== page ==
Oscars nominees invite teen suspended for dreadlocks to awards ceremony

DeAndre Arnold, the Texas high school student who was suspended from school and told he would not be able to walk in his graduation ceremony over his dreadlocks, will accompany the team behind the Oscar-nominated short film “Hair Love” to the Academy Awards. 

Matthew A. Cherry, who wrote the book and movie versions of “Hair Love,” and producers NBA player Dwayne Wade and actress Gabrielle Union invited the teen to the ceremony set for Feb. 9, CBS’s “This Morning” reported.

“We’ve all been so inspired by your story, and this is the very least we can do to thank you for standing up for yourself and for your right to wear your natural hair at school,” Cherry said, surprising the teen in a video. 


"We love the way that you carry yourself and we wanted to do something special for you," Wade told Arnold. "You and your mother Sandy are the official guests of the Oscar-nominated team behind 'Hair Love' at the 2020 Academy Awards."

Cherry told the Texas teen that Dove will “provide full wardrobe and glam for the big night” for Arnold and his mother.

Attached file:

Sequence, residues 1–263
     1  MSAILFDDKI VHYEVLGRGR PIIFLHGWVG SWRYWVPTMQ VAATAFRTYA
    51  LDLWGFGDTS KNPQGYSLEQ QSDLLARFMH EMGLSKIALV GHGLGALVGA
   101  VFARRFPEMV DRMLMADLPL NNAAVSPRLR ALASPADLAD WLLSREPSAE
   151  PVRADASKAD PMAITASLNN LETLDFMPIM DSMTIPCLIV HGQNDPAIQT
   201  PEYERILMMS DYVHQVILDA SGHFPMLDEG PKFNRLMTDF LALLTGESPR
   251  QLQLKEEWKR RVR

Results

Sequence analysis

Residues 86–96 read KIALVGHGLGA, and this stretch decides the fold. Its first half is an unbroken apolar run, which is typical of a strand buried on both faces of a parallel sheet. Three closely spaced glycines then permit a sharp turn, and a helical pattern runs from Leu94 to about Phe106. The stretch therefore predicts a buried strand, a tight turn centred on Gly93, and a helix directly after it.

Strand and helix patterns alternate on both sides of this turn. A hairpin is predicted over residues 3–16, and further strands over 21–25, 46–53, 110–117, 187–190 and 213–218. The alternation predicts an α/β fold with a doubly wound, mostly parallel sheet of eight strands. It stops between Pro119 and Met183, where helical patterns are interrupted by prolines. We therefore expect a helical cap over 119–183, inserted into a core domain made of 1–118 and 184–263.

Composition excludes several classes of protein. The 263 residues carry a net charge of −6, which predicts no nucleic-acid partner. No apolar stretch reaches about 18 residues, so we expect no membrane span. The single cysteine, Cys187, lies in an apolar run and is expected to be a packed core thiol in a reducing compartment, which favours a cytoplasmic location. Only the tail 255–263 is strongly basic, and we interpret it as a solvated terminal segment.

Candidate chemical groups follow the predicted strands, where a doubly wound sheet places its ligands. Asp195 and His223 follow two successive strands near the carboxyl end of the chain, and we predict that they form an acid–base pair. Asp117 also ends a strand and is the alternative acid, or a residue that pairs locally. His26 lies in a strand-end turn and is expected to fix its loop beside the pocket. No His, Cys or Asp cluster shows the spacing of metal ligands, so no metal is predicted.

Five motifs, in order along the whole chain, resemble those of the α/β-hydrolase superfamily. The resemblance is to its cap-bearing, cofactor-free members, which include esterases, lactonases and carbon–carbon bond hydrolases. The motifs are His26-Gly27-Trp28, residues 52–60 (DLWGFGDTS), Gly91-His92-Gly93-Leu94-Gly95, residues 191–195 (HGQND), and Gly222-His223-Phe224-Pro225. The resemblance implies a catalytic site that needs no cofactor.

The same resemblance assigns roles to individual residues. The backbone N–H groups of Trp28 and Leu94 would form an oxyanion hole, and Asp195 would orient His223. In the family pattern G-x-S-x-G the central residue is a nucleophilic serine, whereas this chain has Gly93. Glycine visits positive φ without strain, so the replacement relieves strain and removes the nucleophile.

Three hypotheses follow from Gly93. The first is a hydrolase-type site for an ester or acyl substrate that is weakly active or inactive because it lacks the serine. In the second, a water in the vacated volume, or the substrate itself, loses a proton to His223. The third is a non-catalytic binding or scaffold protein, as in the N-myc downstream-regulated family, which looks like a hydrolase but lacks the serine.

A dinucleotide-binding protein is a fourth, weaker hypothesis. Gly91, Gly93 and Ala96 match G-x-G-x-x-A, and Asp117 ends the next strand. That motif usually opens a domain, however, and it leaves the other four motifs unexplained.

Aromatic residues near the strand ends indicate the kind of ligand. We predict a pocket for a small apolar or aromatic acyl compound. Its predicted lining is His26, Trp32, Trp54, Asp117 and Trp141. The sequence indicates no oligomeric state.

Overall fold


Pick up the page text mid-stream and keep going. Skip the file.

“This is crazy. Like, I never thought that people like D Wade and Gabrielle Union would be like, on my side. The film is about hair love, and me and my hair kind of grew up together in a way. It’s like we’re best friends. It really just means so much that we get a invite like this. It means the world to us, honestly,” Arnold told CBS News.


Cherry said he wants to bring awareness to Arnold’s story and the CROWN Act, legislation that has passed in California, New York, New Jersey and other cities and counties banning discrimination based on a person’s hair.

"Just hearing his story, it really just represented everything we were trying to do with the short film, 'Hair Love.' We really wanted to just normalize black hair, normalize us," Cherry said.

Arnold thanked his mom after receiving the invitation.

"My mom deserves any special treatment she gets. She deserves this. She's been working so hard, on the computer day and night, just to try and help me get my word out," he said. "When you have people like this in your corner, there's no way you can lose. No way."

Arnold’s school, Barbers Hill High School, told the student he would have to cut his hair to participate in graduation later this year. He declined, citing his Trinidadian culture.

Superintendent Greg Poole pushed back earlier this month on criticism that the policy was linked to race, saying, “There is no dress code policy that prohibits any cornrow or any other method of wearing of the hair.”

“Our policy limits the length. It's been that way for 30 years,” the administrator told KHOU.